Brianne and Jared Mees laid off two-thirds of their staff and scaled back operations at Tender Loving Empire in March after coronavirus restrictions forced them to temporarily close their five stores. Their sales remain down 50% for the year.
They believe their record label and handmade gifts store will survive the pandemic, but the next month and a half will be critical. Like other retailers, the Mees rely heavily on Black Friday and holiday sales.
Those could be especially vital this year.
“It’s definitely a make or break season for every single small business owner that I’ve talked to,” Brianne Mees said. “Every single one of them is counting on a good holiday season and if they don’t get it, they could close their doors permanently.”
Holiday sales in November and December account for nearly 20% of annual retail sales across the country, according to the National Retail Federation. For some types of retailers, that figure is significantly higher. Tender Loving Empire usually generates around 30% of its annual sales between Black Friday and the end of the year.
What retailers can expect this year is not as clear. Retail sales rose by a disappointing 0.3% last month, the slowest retail sales growth since the spring, according to the Commerce Department. The sluggish sales growth came as coronavirus cases spiked in Oregon and across the country and negotiations on a new coronavirus relief bill remained stalled in Congress.
New restrictions from Oregon Gov. Kate Brown limiting retailers’ capacity to 75% of normal also went into effect Wednesday and will last for four weeks in Multnomah County. While many Portland retailers say they are already limiting capacity in their stores to well under 75%, the new restrictions could dampen shopping heading into the holiday season.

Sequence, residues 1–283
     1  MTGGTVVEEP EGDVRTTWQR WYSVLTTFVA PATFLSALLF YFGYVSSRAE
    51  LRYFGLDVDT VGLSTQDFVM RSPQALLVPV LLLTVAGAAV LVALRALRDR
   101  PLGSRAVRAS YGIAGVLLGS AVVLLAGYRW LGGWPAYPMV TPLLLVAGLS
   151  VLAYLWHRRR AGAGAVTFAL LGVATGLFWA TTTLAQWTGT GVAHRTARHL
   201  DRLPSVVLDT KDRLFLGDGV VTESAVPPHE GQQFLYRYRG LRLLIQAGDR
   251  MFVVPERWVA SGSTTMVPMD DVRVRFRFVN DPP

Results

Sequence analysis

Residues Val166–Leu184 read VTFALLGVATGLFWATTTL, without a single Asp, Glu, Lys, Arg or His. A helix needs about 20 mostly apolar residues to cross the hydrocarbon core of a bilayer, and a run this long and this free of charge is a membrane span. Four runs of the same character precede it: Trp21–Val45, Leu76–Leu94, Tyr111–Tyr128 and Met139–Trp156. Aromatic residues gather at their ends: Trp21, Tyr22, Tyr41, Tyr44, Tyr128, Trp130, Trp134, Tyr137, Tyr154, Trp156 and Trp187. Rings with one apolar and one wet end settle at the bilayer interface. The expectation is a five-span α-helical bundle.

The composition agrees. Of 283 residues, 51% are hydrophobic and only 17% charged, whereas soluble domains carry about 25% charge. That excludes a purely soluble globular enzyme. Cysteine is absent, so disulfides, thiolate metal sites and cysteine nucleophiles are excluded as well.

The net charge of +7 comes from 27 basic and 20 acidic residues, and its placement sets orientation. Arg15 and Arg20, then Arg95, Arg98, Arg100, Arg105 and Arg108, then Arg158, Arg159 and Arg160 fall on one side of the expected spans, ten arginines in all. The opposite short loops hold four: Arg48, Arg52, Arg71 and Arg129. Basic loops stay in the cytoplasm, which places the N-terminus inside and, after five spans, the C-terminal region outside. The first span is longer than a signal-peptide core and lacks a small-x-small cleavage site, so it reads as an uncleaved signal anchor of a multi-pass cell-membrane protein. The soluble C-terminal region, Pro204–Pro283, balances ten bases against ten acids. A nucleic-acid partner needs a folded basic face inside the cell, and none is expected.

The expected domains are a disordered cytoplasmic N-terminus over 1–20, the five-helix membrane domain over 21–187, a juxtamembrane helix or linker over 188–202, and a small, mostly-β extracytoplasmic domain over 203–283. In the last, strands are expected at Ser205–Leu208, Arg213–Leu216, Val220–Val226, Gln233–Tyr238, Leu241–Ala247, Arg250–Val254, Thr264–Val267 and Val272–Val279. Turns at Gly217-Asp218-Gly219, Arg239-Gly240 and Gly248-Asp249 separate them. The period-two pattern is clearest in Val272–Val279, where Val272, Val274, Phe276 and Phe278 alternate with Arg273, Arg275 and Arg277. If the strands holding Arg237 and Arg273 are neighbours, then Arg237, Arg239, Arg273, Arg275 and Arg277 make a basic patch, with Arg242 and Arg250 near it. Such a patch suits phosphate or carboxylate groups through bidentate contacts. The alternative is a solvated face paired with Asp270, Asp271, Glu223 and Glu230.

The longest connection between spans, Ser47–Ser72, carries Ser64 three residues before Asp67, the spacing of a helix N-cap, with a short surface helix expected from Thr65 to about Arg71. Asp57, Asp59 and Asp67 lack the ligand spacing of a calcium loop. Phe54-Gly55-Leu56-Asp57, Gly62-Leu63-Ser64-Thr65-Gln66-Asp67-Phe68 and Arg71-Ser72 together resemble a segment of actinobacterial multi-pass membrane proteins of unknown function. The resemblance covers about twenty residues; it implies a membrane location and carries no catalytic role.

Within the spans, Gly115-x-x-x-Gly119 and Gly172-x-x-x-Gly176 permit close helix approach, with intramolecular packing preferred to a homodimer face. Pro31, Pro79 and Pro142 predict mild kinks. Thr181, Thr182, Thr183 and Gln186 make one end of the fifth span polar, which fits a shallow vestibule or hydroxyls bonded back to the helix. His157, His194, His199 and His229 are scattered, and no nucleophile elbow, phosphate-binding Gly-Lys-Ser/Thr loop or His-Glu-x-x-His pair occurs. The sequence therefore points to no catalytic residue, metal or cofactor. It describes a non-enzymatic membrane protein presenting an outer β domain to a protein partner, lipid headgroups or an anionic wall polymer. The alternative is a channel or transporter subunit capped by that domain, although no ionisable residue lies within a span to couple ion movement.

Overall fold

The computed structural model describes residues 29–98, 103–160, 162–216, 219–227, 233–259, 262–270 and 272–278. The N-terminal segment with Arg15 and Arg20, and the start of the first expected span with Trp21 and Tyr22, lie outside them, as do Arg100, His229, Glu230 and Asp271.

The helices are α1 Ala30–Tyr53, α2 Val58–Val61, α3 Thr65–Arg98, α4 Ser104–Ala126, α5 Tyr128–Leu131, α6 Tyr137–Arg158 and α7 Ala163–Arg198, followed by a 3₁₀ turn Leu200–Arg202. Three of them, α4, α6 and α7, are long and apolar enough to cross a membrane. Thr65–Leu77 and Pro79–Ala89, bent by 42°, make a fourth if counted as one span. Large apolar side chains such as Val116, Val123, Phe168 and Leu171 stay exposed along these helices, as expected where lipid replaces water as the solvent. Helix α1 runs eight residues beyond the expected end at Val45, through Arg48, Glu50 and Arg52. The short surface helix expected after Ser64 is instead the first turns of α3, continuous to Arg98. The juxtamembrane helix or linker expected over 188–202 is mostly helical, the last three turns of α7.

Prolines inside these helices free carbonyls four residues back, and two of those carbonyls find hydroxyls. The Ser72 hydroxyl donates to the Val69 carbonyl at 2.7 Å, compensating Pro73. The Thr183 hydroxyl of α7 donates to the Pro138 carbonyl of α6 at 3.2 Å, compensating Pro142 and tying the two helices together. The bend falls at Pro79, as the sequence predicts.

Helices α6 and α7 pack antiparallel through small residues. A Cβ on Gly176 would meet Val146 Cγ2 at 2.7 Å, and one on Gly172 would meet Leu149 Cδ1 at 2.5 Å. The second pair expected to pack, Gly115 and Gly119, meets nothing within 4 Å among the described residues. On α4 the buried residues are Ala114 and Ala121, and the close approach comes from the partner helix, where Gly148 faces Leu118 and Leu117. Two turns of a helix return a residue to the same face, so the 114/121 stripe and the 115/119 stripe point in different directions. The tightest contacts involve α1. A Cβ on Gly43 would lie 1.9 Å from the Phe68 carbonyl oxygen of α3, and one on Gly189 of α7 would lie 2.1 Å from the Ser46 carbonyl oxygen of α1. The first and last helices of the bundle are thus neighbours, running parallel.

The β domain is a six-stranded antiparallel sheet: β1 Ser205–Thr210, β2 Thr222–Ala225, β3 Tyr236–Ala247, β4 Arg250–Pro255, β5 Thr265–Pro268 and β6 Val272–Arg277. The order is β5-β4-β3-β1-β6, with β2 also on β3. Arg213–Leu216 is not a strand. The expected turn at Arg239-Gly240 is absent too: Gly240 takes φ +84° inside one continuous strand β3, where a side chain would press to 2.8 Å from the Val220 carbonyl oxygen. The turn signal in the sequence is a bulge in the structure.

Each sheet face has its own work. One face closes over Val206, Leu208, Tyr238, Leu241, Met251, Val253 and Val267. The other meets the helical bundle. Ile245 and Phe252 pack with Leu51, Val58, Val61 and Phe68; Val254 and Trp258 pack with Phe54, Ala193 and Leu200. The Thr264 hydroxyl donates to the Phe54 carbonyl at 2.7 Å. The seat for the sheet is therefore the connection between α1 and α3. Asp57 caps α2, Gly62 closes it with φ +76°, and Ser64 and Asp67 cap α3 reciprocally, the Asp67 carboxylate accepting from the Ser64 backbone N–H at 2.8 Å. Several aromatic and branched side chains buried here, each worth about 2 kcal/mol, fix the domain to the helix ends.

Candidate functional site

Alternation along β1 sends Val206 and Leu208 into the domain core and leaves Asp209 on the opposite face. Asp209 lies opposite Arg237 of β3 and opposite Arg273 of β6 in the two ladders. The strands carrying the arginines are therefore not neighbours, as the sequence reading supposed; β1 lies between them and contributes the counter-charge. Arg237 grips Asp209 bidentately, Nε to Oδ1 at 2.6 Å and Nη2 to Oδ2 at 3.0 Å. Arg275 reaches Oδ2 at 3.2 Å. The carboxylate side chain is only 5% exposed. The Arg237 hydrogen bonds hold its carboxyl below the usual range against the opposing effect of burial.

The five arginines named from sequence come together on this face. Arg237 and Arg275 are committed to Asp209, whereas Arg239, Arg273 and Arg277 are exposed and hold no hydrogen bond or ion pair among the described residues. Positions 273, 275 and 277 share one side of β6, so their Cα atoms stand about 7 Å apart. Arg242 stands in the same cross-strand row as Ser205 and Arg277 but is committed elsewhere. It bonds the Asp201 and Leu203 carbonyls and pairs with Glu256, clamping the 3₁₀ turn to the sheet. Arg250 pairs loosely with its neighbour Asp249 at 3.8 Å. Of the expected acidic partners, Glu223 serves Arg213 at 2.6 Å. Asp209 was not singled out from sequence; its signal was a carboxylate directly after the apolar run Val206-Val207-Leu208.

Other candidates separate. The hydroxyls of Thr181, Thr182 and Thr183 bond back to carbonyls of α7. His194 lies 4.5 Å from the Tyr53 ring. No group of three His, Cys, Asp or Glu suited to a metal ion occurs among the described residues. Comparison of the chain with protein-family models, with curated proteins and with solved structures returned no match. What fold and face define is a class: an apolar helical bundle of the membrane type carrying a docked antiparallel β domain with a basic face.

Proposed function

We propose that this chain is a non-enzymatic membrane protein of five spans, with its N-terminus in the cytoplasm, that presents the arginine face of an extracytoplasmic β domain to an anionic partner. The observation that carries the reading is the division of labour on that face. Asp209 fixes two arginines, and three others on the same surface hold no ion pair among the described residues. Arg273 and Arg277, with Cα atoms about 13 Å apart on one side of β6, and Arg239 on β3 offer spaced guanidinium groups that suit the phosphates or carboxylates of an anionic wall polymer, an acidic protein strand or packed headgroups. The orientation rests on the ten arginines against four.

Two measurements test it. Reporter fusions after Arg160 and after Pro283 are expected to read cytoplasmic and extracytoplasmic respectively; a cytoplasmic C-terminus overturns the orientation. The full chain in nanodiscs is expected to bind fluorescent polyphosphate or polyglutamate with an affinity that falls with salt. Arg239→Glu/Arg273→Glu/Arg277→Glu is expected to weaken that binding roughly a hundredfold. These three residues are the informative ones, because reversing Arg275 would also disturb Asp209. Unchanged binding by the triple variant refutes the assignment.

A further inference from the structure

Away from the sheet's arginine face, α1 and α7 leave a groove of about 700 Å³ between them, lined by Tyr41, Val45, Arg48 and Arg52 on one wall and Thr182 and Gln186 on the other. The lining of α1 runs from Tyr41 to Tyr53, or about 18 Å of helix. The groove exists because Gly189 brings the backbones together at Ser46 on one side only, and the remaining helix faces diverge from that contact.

Black Friday plans
But while Portland retailers don’t expect to see the in-store rush they might see in a normal year this Black Friday, they are still hoping to entice customers with sales and social media campaigns to generate a holiday boost. Tender Loving Empire plans to advertise discount codes on Instagram and through its newsletter.
Retailers say they have put safety measures in place to welcome customers to their stores on Black Friday and through the holiday season, but many are encouraging customers to shop online.
The doorbuster craze that defined Black Friday for many years was waning long before the pandemic, as the holiday shopping season lengthened and more people bought over the internet.
Big chains such as Fred Meyer appear to be forgoing doorbusters altogether this year, offering discounts well ahead of Thanksgiving and making the same prices available online. Walmart appears to be offering its best holiday deals online only.
Independent retailers are making similar adaptations.
Pam Coven, the owner of Imelda’s and Louie’s Shoes, said the business rolled out Black Friday sales early with 15% off storewide beginning last Friday. She said the business has been adhering to enhanced safety measures at its two stores for months and is ready to welcome customers on Black Friday, but will also offer delivery and private shopping to give customers options.
Cassie Ridgway, the owner of Altar, a boutique in Southeast Portland, said the business will allow just five customers in store at a time and has spent months working on its website to encourage people to shop online for Black Friday. It will offer 30% off its house line and 20% off all other items on Black Friday, as well as provide gift certificates to the first 20 customers in stores and online.
Ridgway said the business has set up a gift section on its website and has a new feature that will allow customers to shop virtually over video chat with sales associates. It will also unveil what it hopes will be a fun and satirical online shopping network at Crafty Wonderland, which is hosting virtual events this year beginning the day after Black Friday.